26 September 2012

The Final Sacrifice: Jesus, The Day of Atonement and the Talmud

Does the Talmud (the Jewish Oral Law) confirm the validity of the sacrificial death of Jesus (Yeshua)? Watch this very interesting video about writings in the Jewish Talmud concerning the The Day of Atonement (Yom Kippur) sacrifices after AD30.

14 September 2012

Surviving the Holocaust: Love your Neighbour

My name is Blanche Benedick and I was born in Copenhagen in Denmark, on 20 September 1933. My father had a small factory. He was a wonderful man who could turn his hand to anything to look after the family. My mother always seemed to be in the kitchen. I remember coming home from school and being greeted by delicious cooking smells. I had an older brother and sister from my father’s first marriage. My younger sister was born later, in Sweden.

We lived in a second-floor flat in a mainly Jewish area in Copenhagen. It was a traditional Jewish home and we lit our candles every Friday night. We didn’t go to synagogue every Saturday, but we always went at festival times. Before the war, we also kept the special dietary rules at home. I have very clear memories of the festival of Passover. Grandfather would go through all the prayers and songs from beginning to end – which takes hours! I was only about 10 and we weren't allowed to eat until he had finished – about 11pm! I used to sit and look at the painting on the wall – a table with a big bunch of grapes – and I used to count the grapes. I still have that painting at home today and I treasure it.

As a child, I liked sports and singing, but I also loved playing outdoors. I had my dolls and pram and used to take them for walks on Sundays with Mona, my friend from across the road. Mona was my best friend, but she wasn't Jewish. We went to school on the same tram, although to different schools. I started at a Jewish school when I was about seven and can remember my first day. We had to wear little aprons and the first class was like nursery school; you learnt a few things and got used to playing with other children. I stayed at that school until I was ten.

When war broke out and the Germans invaded Denmark in 1940, we suffered the same curfews and rationing as other countries, and there was bombing. We had to run down to the cellar whenever there were air raids. There was a lot of talk about the Jewish people – that things were going to get worse for them. One day at school, the headmaster called me into his office and said, ‘You know there’s a war on?’ And I replied, ‘Of course I do.’ By then I was ten and knew what was happening. He went on, ‘Well, Mona’s mother came to see me today and said you have to go back to their house this afternoon. Your mother and father are there as well.’ So I went back to Mona’s after school. My mother was sitting crying and my father was pacing up and down, looking worried. Mona’s mother said, ‘Don’t worry, Blanche, you’re going to stay here with us for a few days. We’re going to hide you because we've heard that all the Jews are going to be rounded up.’ That was in October 1943.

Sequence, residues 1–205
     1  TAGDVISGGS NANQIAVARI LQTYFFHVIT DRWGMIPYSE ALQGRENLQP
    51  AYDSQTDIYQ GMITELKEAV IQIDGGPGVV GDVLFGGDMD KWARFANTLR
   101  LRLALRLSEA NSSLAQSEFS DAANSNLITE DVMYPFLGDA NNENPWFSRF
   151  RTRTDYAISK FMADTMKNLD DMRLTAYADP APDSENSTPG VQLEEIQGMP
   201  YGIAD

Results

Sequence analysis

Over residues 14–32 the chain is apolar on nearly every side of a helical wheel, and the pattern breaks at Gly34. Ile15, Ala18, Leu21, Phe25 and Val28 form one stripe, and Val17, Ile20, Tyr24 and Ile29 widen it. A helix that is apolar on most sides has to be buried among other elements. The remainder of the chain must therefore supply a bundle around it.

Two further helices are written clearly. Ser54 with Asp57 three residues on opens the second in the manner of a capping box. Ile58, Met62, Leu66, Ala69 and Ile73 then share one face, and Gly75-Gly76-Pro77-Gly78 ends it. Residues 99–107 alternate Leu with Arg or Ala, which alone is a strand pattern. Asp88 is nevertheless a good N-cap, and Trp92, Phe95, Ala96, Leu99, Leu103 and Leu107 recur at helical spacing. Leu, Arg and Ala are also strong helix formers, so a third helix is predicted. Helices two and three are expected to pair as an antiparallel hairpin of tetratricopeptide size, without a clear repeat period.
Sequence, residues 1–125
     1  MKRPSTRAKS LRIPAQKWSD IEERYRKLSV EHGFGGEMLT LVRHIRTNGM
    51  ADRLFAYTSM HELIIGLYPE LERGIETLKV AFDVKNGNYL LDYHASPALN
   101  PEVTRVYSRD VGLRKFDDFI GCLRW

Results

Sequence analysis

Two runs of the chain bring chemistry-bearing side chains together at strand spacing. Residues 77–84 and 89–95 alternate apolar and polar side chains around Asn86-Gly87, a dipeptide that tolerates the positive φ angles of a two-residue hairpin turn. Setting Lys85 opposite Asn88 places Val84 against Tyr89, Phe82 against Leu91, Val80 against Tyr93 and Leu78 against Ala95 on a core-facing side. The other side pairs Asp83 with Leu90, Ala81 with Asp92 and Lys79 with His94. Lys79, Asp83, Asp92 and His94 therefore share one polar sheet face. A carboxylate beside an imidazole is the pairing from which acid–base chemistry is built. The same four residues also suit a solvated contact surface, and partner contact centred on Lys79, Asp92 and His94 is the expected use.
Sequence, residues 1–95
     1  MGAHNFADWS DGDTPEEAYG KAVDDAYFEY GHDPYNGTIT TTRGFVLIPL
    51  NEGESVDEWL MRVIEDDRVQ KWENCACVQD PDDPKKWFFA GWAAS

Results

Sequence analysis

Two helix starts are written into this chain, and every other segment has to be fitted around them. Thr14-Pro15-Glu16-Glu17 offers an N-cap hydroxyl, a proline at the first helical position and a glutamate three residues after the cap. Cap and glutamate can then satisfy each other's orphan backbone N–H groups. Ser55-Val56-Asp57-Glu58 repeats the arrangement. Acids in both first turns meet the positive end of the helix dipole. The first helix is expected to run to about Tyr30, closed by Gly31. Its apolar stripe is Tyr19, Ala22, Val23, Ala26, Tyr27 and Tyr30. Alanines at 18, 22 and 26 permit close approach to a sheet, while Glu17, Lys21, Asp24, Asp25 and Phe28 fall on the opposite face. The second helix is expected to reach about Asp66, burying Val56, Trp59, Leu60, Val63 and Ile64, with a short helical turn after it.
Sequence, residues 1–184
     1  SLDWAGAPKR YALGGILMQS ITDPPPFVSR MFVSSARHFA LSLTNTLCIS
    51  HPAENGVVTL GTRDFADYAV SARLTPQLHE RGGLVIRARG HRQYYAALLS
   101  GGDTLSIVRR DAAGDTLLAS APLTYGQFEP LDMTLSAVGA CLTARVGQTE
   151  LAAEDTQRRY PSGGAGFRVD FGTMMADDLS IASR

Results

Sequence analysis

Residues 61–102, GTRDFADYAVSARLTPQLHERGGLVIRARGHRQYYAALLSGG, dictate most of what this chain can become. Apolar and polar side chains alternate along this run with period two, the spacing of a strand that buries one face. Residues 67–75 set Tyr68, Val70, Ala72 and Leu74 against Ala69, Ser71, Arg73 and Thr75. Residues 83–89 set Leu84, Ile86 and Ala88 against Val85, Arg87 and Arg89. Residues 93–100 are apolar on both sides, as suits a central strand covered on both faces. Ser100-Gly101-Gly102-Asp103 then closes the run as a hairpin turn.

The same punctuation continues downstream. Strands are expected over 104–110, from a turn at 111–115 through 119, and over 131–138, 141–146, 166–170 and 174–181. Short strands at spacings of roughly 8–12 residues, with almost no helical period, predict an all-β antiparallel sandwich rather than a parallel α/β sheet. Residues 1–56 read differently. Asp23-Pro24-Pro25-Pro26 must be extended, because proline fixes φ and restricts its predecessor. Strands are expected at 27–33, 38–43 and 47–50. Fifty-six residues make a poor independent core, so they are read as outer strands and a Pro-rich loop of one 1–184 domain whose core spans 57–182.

12 September 2012

What's so Holy about the Holi-days?

In line with the Jewish calendar, the High Holy Days are upon us this year.  But as Gentiles, why would we be interested in these events?  We know that Jesus participated in the Feasts and culture of the day, but then, He was Jewish.  Do the times and seasons set up by God way back in Moses’ days have an impact on us as Believers today?  Here are a few thoughts to think about:

Rosh HaShana - Head of the Year
Leviticus 23:23-25

Otherwise known as the Feast of Trumpets, it was simply to be a holy day celebrated by the blowing of the trumpet/shofar.  Today it is acknowledged with several different shofar blasts, and marks the beginning of the ‘10 Days of Awe’ - a solemn time of soul searching in preparation for Yom Kippur.  During this time, God’s forgiveness is sought and His judgment is feared.  One considers their ’sins’ before God and enters into a time of repentance, seeking forgiveness from God and from those you may have hurt.  It is also a time of restitution.
  As modern day believers, the sound of the trumpet blast is also very significant to us. It is mentioned several times in New Testament writings, not the least of which being the  signalling of the end of an age, and the beginning of a new season when at ‘the last trumpet’ we shall all be changed! (1Cor 15:51-53)

Yom Kippur - Day of Atonement
Leviticus 23:26-32

The holiest day of the Biblical year.  The only day the High Priest was permitted to enter the Holy of Holies, to approach the Lord where He resided over the mercy seat.  First the Priest had to go through a series of sacrifices to atone for not only his own sin, but the sins of all the people.  After this, the ‘scape-goat’ was released into the desert to carry away the sins of the people .  Then, and only then could the Priest dare to approach the most holy of places and sprinkle the blood from the sacrifices onto the Ark of the Covenant.
We know, according to God’s Word, that the blood of bulls and goats did not provide full and permanent forgiveness.  Each year the Priest had to go through the rituals, each year new animals had to be sacrificed, and each year a new goat wandered off into the wilderness.  Through Jesus life, death and resurrection, God provided a ‘once and for all’ solution to sin: He was the sacrifice, He used His blood, and He took on our sin on our behalf.
Not long after this, the temple was destroyed for the last time.  Since then there has been no provision for the sacrificial system to be reinstituted.  Today the Jewish people try to gain absolution through prayer and good deeds and spend the Day of Atonement in prayer and fasting, hoping that their names be inscribed in the Book of Life for another year.